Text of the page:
Part of the Trustee compliance responsibilities include consideration of holding insurance in SMSF but need to know what is possible and what is not (section 4.09 (2(e)) Superannuation Industry (Supervision) Regulations 1994). However trustees are not compelled to take it out, but provide evidence it was considered.
There are four differing types of insurance that Trustees need to consider (one only applies from old rules).
1. Income Protection (Salary Continuance) Insurance
This provides a beneﬁt if you’re unable to work due to an illness or injury and cannot meet ongoing ﬁnancial commitments. The premiums are tax deductible to both the SMSF or individual. If the SMSF receives insurance proceeds the member will need to have temporarily ceased work due to physical or mental ill health, to be eligible to receive the beneﬁt in the form of an income stream from the super fund and proof will apply (ie. a condition of release is required). So getting the cover can be limited. Consider if being directly payable to you is more beneficial – and seek advice.
2. Life Insurance
Life insurance provides a lump sum in the event of death to dependents and can help increase the amount payable to cover for loss of earnings and ongoing ﬁnancial commitments. The premiums are tax deductible to the SMSF, but NOT to an individual. Life insurance is commonly provided together with Total and Permanent Disability (TPD) insurance.
3. Total and Permanent Disability (TPD) Insurance
Total and Permanent Disability (TPD) insurance provides a beneﬁt in the event of becoming totally and permanently disabled.
The premiums are tax deductible to the SMSF, but not to an individual. However, the extent of the premium’s deductibility for the SMSF depends on whether the TPD insurance relates to ‘any occupation’ (From 1 July 2014, the only definition that will be permitted will be the ‘any occupation’ definition, (meaning the ‘own occupation’ definition of TPD will be prohibited from any new policies after July 1 2014) or ‘own occupation’ (which are grandfathered, can remain, if set up before 1 July 2014).
‘Any occupation’ pays a beneﬁt if the insured person is unable to be employed in any occupation for which they are reasonably qualiﬁed, educated or experienced, due to ill health. If the policy is based on ‘any occupation’, then the premium remains 100% tax deductible.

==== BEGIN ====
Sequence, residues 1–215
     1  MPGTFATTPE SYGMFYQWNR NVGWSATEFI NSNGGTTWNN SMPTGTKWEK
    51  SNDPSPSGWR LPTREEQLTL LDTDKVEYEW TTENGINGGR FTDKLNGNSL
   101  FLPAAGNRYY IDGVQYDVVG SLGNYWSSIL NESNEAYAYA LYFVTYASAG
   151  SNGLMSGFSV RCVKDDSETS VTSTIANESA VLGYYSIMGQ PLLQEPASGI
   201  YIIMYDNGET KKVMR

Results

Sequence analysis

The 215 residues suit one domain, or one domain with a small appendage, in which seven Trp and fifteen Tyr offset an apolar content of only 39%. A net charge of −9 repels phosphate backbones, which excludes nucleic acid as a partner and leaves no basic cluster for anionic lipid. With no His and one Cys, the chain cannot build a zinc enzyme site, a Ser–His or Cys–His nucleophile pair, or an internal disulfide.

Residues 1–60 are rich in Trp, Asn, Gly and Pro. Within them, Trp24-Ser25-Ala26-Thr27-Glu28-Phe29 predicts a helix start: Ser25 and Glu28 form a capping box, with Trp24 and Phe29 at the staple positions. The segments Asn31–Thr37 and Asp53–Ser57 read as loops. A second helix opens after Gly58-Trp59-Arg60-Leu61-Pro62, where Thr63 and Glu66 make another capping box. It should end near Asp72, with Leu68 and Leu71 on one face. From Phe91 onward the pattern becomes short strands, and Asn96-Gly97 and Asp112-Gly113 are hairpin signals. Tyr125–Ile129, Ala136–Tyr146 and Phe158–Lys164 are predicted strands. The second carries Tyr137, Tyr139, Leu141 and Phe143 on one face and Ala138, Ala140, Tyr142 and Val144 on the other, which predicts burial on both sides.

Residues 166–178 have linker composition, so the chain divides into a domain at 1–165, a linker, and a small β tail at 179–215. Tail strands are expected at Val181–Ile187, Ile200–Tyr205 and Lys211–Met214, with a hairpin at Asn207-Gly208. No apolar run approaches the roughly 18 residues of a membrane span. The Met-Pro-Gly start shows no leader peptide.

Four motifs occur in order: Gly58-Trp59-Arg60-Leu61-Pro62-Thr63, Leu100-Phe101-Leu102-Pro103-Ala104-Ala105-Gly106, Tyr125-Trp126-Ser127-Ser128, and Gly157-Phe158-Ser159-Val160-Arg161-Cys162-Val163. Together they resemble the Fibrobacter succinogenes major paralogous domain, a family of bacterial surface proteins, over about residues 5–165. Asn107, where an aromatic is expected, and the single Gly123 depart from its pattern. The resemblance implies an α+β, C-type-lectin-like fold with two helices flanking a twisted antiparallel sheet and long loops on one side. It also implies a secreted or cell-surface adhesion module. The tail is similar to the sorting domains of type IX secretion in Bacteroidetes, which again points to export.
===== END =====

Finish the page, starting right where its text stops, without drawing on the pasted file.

‘Own occupation’ (pre-2014) is a policy which will pay a beneﬁt if the insured person is unlikely to be employed in their own speciﬁc occupation due to ill health. If the policy is based on ‘own occupation’, 67% of the premium is tax deductible. Where a policy bundles TPD ‘own occupation’ with life insurance, the premium is 80% tax deductable to the SMSF.
Typically ‘any occupation’ policies often require a superannuation conditions of release so access to any beneﬁt payment is often not an issue.
4. Trauma Insurance
Trauma insurance is no-longer available in super and SMSF since 1 July 2014, but policies purchased before 2014 are still valid. SIS regulation 4.07D states that since 1 July 2014, a trustee of a regulated super fund must not provide an insured benefit in relation to a fund member unless the insured event is a condition of release specified in the following items of Schedule 1 of the SIS regulations:
- Death (item 102)
- Terminal medical condition (item 102A)
- Permanent incapacity (item 103). Note that ‘permanent incapacity’ definition is a stricter definition than older insurance policies covering total and permanent disability.
- Temporary incapacity (item 109)
The advantages of Insurance in the SMSF
- Contributions into the fund can be used to pay the insurance premiums;
- Trustees can customise their insurance to suit their speciﬁc needs;
- Assists with cash ﬂow outside of super, personal living costs;
- Net cost saving on premiums in some cases
The disadvantages of Insurance in the SMSF
- Sometimes more expensive due to missing wholesale cost savings which commercial funds can access;
- Members may need to qualify for insurance (via medical tests etc) which they were not subject to in a retail or industry fund.
Want to learn more, know the options and what we need to retire on, the super system in Australia and what is self-managed super? To get the answers, see our FREE slides Super & SMSF for Business owners.
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